Metallurgical and Materials Transactions A

, Volume 15, Issue 6, pp 1081–1088 | Cite as

Ostwald ripening during liquid phase sintering—Effect of volume fraction on coarsening kinetics

  • P. W. Voorhees
  • M. E. Glicksman
Symposium on Activated and Liquid Phase of Refractory Metals and Their Compounds


Phase coarsening, also termed Ostwald ripening, is generally thought to be a slow, diffusion-controlled process which occurs subsequent to phase separation under extremely small under- or over-saturation levels. The theory due to Lifshitz, Slyozov, and Wagner (LSW), which predicts the coarsening kinetics and the particle distribution function, are applicable todilute systems only, in which particle-particle interactions are unimportant. Most liquid phase sintered systems, however, have large enough volume fractions of the dispersed phase to violate the essential assumptions of LSW theory. Recent progress will be described on simulating Ostwald ripening in randomly dispersed, high volume fraction systems. A fast algorithm for solving the multiparticle diffusion problem (MDP) will be described, permitting simulation of coarsening dynamics by cyclic time-stepping and updating the diffusion solution for large random particle arrays. The rate constants, controlling the growth of the average particle, and the particle distribution functions were obtained by numerical simulations up to a volume fraction of 0.55. A new statistical mean field theory has now been developed which reproduces the MDP simulation data accurately, and finally makes clear how the linear mean-field approximations employed by LSW theory must be modified to describe real systems. The predictions of the mean field are found to compare favorably with experimental measurements made over a wide range of volume fraction solid of the kinetics of Ostwald ripening in liquid phase sintered Fe-Cu alloys. The new theory provides a comprehensive approach to understanding microstructural coarsening in liquid phase sintered systems.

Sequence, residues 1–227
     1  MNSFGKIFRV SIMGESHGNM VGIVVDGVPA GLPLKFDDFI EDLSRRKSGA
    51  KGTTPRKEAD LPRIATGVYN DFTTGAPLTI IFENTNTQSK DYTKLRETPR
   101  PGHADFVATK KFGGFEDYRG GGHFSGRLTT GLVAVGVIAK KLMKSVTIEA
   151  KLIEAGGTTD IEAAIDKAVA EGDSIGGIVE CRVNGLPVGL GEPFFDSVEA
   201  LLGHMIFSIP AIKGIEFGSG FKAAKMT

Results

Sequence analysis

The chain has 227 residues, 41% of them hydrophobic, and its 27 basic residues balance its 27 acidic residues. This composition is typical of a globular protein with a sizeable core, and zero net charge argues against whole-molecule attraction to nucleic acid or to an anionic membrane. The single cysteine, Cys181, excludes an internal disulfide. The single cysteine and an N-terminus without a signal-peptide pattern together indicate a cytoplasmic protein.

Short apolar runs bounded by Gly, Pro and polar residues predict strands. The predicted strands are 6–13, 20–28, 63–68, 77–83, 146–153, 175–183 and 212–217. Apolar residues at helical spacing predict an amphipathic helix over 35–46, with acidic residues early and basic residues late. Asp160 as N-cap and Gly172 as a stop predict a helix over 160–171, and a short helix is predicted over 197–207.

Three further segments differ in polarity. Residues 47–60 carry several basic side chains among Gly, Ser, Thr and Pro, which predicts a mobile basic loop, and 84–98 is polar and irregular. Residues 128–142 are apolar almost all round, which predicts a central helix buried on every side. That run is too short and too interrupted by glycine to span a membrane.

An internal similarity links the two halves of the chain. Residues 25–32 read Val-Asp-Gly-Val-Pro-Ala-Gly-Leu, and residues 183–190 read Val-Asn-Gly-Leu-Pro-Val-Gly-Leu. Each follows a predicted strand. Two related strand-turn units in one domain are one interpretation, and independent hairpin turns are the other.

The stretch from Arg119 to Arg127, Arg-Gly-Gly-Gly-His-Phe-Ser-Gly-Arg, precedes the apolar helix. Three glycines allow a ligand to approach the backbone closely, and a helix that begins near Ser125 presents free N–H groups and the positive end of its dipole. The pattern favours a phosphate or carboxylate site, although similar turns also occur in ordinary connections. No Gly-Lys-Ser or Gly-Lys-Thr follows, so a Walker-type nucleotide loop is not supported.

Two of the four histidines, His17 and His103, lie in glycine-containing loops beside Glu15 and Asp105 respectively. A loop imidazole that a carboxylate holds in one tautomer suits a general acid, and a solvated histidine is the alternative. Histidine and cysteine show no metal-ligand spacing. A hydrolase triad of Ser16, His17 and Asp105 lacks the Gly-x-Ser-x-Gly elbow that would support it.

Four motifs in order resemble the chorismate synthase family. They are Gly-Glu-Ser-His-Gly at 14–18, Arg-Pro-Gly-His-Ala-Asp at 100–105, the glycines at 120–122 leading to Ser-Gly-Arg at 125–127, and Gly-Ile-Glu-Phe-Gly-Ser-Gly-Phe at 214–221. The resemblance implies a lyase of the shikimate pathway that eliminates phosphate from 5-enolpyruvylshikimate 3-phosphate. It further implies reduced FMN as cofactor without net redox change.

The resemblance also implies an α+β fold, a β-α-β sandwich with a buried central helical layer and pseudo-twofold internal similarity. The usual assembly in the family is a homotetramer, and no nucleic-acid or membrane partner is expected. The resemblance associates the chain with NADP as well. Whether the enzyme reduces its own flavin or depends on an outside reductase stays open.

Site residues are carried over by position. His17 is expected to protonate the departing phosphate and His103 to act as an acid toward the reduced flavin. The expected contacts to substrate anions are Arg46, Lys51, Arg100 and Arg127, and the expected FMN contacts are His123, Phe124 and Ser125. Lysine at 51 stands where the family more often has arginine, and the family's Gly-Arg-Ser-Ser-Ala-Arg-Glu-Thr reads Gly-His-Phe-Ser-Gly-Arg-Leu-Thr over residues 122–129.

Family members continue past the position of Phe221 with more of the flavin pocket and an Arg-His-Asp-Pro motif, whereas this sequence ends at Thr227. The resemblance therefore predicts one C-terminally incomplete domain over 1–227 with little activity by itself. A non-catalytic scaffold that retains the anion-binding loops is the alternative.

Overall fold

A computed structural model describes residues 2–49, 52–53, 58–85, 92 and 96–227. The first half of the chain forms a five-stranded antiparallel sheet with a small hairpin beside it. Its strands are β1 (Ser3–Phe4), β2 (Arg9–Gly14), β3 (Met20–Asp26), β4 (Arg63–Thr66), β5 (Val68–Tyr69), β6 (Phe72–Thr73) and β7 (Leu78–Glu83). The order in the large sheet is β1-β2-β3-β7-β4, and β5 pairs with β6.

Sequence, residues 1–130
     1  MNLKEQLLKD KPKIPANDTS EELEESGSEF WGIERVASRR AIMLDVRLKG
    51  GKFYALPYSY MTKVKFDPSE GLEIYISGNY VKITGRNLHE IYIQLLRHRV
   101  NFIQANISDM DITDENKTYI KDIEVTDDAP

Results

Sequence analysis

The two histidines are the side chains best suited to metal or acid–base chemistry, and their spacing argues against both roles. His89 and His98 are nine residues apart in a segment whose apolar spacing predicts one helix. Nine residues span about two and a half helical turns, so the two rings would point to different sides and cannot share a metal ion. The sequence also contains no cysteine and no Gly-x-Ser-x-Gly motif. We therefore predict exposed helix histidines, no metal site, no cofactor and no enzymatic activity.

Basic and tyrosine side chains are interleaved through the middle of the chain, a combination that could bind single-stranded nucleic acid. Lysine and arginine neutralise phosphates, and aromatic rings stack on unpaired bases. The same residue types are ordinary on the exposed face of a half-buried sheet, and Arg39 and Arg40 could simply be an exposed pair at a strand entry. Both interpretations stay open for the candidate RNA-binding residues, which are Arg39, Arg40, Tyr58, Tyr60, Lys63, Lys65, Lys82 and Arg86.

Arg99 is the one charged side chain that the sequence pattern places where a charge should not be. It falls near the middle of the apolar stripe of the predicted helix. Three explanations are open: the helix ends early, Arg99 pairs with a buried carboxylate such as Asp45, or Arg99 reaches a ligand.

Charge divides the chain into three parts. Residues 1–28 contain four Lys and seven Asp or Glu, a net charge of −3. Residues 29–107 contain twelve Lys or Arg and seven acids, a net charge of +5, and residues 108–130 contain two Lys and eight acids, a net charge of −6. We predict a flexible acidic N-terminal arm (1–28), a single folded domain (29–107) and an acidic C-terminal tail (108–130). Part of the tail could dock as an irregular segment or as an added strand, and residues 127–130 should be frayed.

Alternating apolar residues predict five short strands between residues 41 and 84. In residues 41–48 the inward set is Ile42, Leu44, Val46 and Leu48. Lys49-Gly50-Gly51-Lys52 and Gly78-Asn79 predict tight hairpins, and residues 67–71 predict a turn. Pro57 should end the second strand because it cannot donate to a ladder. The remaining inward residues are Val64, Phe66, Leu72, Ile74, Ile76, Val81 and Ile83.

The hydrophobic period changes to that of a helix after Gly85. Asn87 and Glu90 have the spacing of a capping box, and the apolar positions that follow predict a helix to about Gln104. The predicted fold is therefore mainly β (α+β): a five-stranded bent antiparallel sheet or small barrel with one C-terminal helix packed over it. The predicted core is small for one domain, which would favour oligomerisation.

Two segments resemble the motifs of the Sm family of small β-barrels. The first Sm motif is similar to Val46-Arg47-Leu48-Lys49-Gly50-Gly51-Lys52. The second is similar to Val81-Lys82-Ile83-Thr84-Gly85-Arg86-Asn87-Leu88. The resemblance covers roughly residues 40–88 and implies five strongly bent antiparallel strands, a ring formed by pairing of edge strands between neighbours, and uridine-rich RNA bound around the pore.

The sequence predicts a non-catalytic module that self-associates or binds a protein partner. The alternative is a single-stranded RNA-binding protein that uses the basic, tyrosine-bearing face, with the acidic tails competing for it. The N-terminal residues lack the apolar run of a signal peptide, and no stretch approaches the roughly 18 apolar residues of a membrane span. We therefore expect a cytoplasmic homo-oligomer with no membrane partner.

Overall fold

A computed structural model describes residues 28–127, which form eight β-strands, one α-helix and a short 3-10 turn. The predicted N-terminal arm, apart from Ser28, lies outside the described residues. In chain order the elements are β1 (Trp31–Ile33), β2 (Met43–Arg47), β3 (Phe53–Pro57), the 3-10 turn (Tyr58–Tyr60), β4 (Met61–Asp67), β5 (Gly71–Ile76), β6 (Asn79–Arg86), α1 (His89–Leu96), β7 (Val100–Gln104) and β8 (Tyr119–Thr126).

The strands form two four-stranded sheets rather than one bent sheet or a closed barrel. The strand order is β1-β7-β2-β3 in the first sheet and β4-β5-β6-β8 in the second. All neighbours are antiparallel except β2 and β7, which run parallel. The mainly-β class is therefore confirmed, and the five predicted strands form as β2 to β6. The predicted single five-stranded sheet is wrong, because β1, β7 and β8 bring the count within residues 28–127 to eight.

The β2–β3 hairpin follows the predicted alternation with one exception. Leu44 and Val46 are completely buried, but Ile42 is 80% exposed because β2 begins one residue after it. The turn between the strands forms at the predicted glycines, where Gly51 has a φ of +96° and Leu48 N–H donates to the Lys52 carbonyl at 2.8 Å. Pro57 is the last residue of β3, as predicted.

Metallurgical Transaction Asymptotic State Liquid Phase Sinter Flux Function Particle Distribution Function 
These keywords were added by machine and not by the authors. This process is experimental and the keywords may be updated as the learning algorithm improves.


Unable to display preview. Download preview PDF.

Unable to display preview. Download preview PDF.


  1. 1.
    I. M. Lifshitz and V.V. Slyozov:J. Phys. Chem. Solids, 1961, vol. 19, p. 315.CrossRefGoogle Scholar
  2. 2.
    C. Wagner:Z. Elektrochem., 1961, vol. 65, p. 581.Google Scholar
  3. 3.
    R. Asimov:Acta Metall., 1963, vol. 11, p. 71.Google Scholar
  4. 4.
    M. Hillert:Acta Metall., 1965, vol. 13, p. 227.CrossRefGoogle Scholar
  5. 5.
    H. Sauthoff and M. Kahlweit:Acta Metall., 1969, vol. 17, p. 1501.CrossRefGoogle Scholar
  6. 6.
    A. J. Ardell:Acta Metall., 1972, vol. 20, p. 61.CrossRefGoogle Scholar
  7. 7.
    A.D. Brailsford and P. Wynblatt:Acta Metall., 1979, vol. 27, p. 489.CrossRefGoogle Scholar
  8. 8.
    C.K.L. Davies, P. Nash, and R.N. Stevens:Acta Metall., 1980, vol. 28, p. 179.CrossRefGoogle Scholar
  9. 9.
    K. Tsumaraya and Y. Miyata:Acta Metall., 1983, vol. 31, p. 437.CrossRefGoogle Scholar
  10. 10.
    P. W. Voorhees: Ph.D. Thesis, Rensselaer Polytechnic Institute, 1982.Google Scholar
  11. 11.
    P. W. Voorhees and M. E. Glicksman: Rensselaer Polytechnic Institute, Troy, NY, unpublished research, 1983.Google Scholar
  12. 12.
    J.J. Weins and J.W. Cahn:Sintering and Related Phenomena, Plenum Press, London, 1973, p. 151.CrossRefGoogle Scholar
  13. 13.
    Ryuzo Watanabe and Yoshimichi Masuda:Trans. JIM, 1973, vol. 14, p. 320.CrossRefGoogle Scholar
  14. 14.
    Sung Soo Kim and Duk N. Yoon:Acta Metall., 1983, vol. 31, p. 1151.CrossRefGoogle Scholar
  15. 15.
    A. Nemi and Courtney: private communication, 1983.Google Scholar
  16. 16.
    Wayne Daye: M.S. Thesis, Rensselaer Polytechnic Institute, 1983.Google Scholar

Copyright information

© The Metallurgical of Society of AIME 1984

Authors and Affiliations

  • P. W. Voorhees
    • 1
  • M. E. Glicksman
    • 2
  1. 1.Metal Science and Standards DivisionNational Bureau of StandardsWashington, DC
  2. 2.Materials Engineering DepartmentRensselaer Polytechnic InstituteTroy

Personalised recommendations